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The power of a registered trade mark

Around April this year, London Entertainment Inc Ltd, a company close to Rebekah Vardy, wife of football player Jamie Vardy, managed to register WAGATHA CHRISTIE as a trade mark for a wide range of goods and services.

It is probably not a mystery as to why Ms Vardy wants to monetise the name given that she reportedly had a £1.5m legal bill to pay arising from her dispute with Coleen Rooney in which Ms Vardy was outed as the person who leaked stories to the press.

Protection over short puns, jokes, or phrases

What makes this trade mark registration noteworthy is the lessons to be learnt about trade mark law for those not necessarily familiar with a few of the basics.

The key lesson is that trade mark law operates a “first to file” system. This means that subject to some basic requirements about registrability, if an applicant gets the application in before anyone else then they get the trade mark.

This seems particularly odd in this case because not only was the pun ‘Wagatha Christie’ used to describe Coleen Rooney as the “detective” WAG who unmasked Ms Vardy but also because it was a journalist, Dan Atkinson, who claimed to come up with the ‘Wagatha Christie’ pun in the first place. (By the way, for readers outside the UK, the term WAG was coined for the “Wives And Girlfriends” of England football players who were allowed to travel with the team when playing international football matches.)

Could Mr Atkinson have done anything to stop the registration? Not really.

While the Trade Mark Act[1] provides that the proprietor of an earlier copyright has grounds to oppose the registration of a mark, a short pun like ‘Wagatha Christie’ is unlikely to be considered a work worthy of copyright protection.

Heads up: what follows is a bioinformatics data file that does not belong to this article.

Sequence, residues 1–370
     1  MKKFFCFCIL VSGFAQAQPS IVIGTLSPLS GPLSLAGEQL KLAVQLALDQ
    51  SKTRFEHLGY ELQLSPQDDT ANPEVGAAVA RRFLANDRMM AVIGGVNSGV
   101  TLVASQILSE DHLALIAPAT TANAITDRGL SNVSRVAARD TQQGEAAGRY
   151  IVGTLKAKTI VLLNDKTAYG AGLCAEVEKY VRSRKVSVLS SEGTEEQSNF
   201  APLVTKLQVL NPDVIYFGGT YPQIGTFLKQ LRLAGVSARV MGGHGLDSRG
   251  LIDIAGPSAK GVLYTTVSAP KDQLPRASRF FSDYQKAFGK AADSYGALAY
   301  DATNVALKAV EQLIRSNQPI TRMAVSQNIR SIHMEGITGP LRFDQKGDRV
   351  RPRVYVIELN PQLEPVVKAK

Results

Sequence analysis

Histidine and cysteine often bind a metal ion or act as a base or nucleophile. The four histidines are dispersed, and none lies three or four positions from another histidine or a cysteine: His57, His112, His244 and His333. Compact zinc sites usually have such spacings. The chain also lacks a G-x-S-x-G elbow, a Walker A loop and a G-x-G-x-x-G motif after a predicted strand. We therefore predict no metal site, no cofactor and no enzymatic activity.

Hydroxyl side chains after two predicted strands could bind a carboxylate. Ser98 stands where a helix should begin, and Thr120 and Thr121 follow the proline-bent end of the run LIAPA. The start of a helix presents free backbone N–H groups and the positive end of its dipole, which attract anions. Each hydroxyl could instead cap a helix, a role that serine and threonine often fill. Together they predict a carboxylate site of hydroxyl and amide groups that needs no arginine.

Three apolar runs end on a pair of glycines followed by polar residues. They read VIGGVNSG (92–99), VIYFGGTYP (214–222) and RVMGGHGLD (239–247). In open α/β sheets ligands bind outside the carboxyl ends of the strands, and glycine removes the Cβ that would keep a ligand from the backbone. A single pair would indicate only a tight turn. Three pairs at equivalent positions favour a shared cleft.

When Trade Marks meet Copyright

Even if ‘Wagatha Christie’ was protected by copyright, can two different rights (copyright and trade mark rights) over the same work belong to different persons? As the case law[2] explains, the answer is yes: different rights over the same work can belong to different owners. This is the second lesson we can take from this case: the ownership of intellectual property rights is determined by its own set of rules and so it is possible to game the system as Ms Vardy has done.

Rebekah Vardy was the first one of the “contenders” to register ‘Wagatha Christie’ over which she now has certain exclusive rights and so the only thing the other parties can now do is to wish her good luck in all her business endeavours…

Please contact Iain Connor and Lorenza Picciano, who specialise in intellectual property disputes, if you have any questions about intellectual property or brand management.

[1] s. 5(4) Trade Marks Act 1994

[2] R Griggs Group Ltd & Ors v Evans & Ors [2005] EWCA Civ 11 (25 January 2005)

This article is for general information only and does not, and is not intended, to amount to legal advice and should not be relied upon as such. If you have any questions relating to your particular circumstances, you should seek independent legal advice.

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